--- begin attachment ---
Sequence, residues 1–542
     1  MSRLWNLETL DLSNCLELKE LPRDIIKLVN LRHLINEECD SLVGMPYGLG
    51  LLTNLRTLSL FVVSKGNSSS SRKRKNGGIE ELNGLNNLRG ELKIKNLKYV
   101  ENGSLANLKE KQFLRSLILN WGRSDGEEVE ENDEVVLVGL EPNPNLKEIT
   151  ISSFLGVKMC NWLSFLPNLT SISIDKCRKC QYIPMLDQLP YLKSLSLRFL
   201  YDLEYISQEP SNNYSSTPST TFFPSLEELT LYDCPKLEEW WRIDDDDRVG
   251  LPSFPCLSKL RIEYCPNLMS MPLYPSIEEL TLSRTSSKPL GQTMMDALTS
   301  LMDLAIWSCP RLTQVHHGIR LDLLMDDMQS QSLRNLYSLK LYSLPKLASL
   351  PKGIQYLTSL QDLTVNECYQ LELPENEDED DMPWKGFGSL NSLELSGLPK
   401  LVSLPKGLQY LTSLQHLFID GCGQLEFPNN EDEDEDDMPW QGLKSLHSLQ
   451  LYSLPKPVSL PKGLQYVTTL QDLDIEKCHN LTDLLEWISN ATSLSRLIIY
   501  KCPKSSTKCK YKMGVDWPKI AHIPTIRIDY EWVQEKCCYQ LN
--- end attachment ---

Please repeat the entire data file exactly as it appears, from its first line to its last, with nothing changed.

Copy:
Sequence, residues 1–542
     1  MSRLWNLETL DLSNCLELKE LPRDIIKLVN LRHLINEECD SLVGMPYGLG
    51  LLTNLRTLSL FVVSKGNSSS SRKRKNGGIE ELNGLNNLRG ELKIKNLKYV
   101  ENGSLANLKE KQFLRSLILN WGRSDGEEVE ENDEVVLVGL EPNPNLKEIT
   151  ISSFLGVKMC NWLSFLPNLT SISIDKCRKC QYIPMLDQLP YLKSLSLRFL
   201  YDLEYISQEP SNNYSSTPST TFFPSLEELT LYDCPKLEEW WRIDDDDRVG
   251  LPSFPCLSKL RIEYCPNLMS MPLYPSIEEL TLSRTSSKPL GQTMMDALTS
   301  LMDLAIWSCP RLTQVHHGIR LDLLMDDMQS QSLRNLYSLK LYSLPKLASL
   351  PKGIQYLTSL QDLTVNECYQ LELPENEDED DMPWKGFGSL NSLELSGLPK
   401  LVSLPKGLQY LTSLQHLFID GCGQLEFPNN EDEDEDDMPW QGLKSLHSLQ
   451  LYSLPKPVSL PKGLQYVTTL QDLDIEKCHN LTDLLEWISN ATSLSRLIIY
   501  KCPKSSTKCK YKMGVDWPKI AHIPTIRIDY EWVQEKCCYQ LN